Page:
Special seven for Oliver
Champion jockey Damien Oliver recorded a remarkable record-equalling seventh victory in the Group 1 Kennedy Oaks (2500m), and a milestone 126th Group 1 win overall, when blueblood filly Willowy took out the $1 million staying classic for three-year-old fillies.
Trained by James Cummings, whose legendary grandfather Bart prepared nine Oaks winners in his lifetime, Willowy became the 38th filly to complete the double of the Group 2 ZED Run Wakeful Stakes (2000m) on Penfolds Victoria Derby Day and the Kennedy Oaks, getting up in the shadows of the post to score by a head.
The Patrick Payne-trained Douceur looked the winner for much of the straight but was just denied, handing top owner Sandy Tait his second runner-up finish in the Kennedy Oaks in the last decade, while Biscayne Bay for Ciaron Maher and David Eustace made good late ground for third, a further two lengths away.
It was Oliver’s seventh victory in the Kennedy Oaks, including his third in succession, equalling the seven wins of Bobbie Lewis, while his 126 Group 1 wins sees him join George Moore, who reached the mark in 1971, at the top of the Australian racing tree.
The Victoria Racing Club (VRC) presented Oliver with a bottle of 2017 Penfolds Grange in recognition of his feat this week in becoming the most successful Melbourne Cup Carnival rider of all time with 26 Group 1 wins since 1992.
“It is a pretty proud moment,” Oliver said. “George Moore, Roy Higgins, they’re iconic figures in our sport and it’s quite amazing to be sharing records with those guys. Bobbie Lewis as well.
“I’m pretty proud of the record I have. It’s been a lot of work and a lot of fun but a fantastic journey over the years but a lot of good people around to help us too. I’ve really enjoyed this carnival and great to finish off with an Oaks for Godolphin.”
Oliver said that, despite it being his first ride on Willowy, the Wakeful Stakes winner was a straightforward horse to partner.
“Today was my first sit on her but what a dream she is to ride,” he said. “She dropped the bridle and went to sleep for me with the slow pace and when I asked her for her effort she quickened up well for me but crept to the second horse.
“(Douceur) took a bit of getting past. I thought it had me done inside the 200 (metres), then I really asked her for the supreme effort over the last 50 metres and I couldn’t have asked the horse to respond better for me.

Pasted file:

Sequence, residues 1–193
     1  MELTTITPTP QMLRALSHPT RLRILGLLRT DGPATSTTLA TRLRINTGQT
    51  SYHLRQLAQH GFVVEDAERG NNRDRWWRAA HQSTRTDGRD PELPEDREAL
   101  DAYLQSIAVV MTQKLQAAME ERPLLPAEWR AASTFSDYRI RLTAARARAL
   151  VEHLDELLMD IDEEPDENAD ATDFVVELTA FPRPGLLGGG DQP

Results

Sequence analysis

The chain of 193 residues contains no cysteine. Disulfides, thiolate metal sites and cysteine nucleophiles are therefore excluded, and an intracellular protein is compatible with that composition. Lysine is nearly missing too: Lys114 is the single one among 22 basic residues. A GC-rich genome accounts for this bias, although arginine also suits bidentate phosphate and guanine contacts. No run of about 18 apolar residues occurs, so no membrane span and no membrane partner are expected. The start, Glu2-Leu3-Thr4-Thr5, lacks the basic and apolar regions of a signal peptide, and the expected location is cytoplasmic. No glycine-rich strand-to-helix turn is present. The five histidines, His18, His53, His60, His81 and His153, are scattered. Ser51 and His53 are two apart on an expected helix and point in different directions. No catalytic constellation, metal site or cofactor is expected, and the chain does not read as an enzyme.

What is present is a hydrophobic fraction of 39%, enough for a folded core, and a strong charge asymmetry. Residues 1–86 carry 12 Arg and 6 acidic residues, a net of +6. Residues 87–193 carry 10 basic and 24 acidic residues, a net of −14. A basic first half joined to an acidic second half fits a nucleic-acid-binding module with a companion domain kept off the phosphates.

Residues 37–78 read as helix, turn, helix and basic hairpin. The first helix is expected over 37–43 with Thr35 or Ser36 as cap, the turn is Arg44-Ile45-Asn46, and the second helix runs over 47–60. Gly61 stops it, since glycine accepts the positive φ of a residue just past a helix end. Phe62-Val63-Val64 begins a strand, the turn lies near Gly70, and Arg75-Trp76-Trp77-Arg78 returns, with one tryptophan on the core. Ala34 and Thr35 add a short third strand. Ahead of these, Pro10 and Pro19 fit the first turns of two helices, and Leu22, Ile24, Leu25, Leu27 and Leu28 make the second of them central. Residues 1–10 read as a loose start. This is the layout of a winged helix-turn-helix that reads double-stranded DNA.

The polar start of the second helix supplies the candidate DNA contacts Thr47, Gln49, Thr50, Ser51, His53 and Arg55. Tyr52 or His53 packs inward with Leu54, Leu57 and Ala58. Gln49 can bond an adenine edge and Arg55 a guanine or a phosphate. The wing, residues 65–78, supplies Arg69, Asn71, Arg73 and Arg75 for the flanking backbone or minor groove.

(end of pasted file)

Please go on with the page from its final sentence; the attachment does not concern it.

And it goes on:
“I tried everything. Maybe I took the roaring to another level but fortunately she responded well for us. I can take some credit but James and the Godolphin team take the credit. They presented her so well. I couldn’t ask for anything more.”
Cummings said that, while Willowy had taken time to mature, she had thrived since winning a 1600-metre maiden at Newcastle last month.
“It’s huge, when she won at Newcastle, the team were keen to know if she was going to come down for the Carnival,” he said. “We gave it some thought and she just kept blossoming after that.
“It was a great effort from the guys at Crown Lodge, where she first started off. When she got to me and she was poking around as a baby, she just needed time, she was immature as you can imagine. The timing was right, though. It was a great win at Newcastle and she just kept improving all the way through, enough for us to have a crack at the Wakeful.
“We didn’t nominate many for the Oaks but we had her earmarked as one that really could. Kermadec is producing these Classic fillies, it sets him apart being able to get a horse like that and we’re looking for stallions like that on the (Darley) roster, like anyone. He had the favourite in this race last year, too – she might not have got it done then but she won The Metropolitan 12 months later, Montefilia.”
Cummings drew comparisons with the last Kennedy Oaks winner trained by his grandfather, Faint Perfume in 2008.
“I still remember listening to it on the radio, while I was mixing feeds in at his stables,” he said. “She was a gun filly and this is a gun little filly like her. She’s certainly, you’d think, got improvement left in her next preparation.”
Image: Damien Oliver is re-writing the record books this Melbourne Cup Carnival (Credit: Getty Images)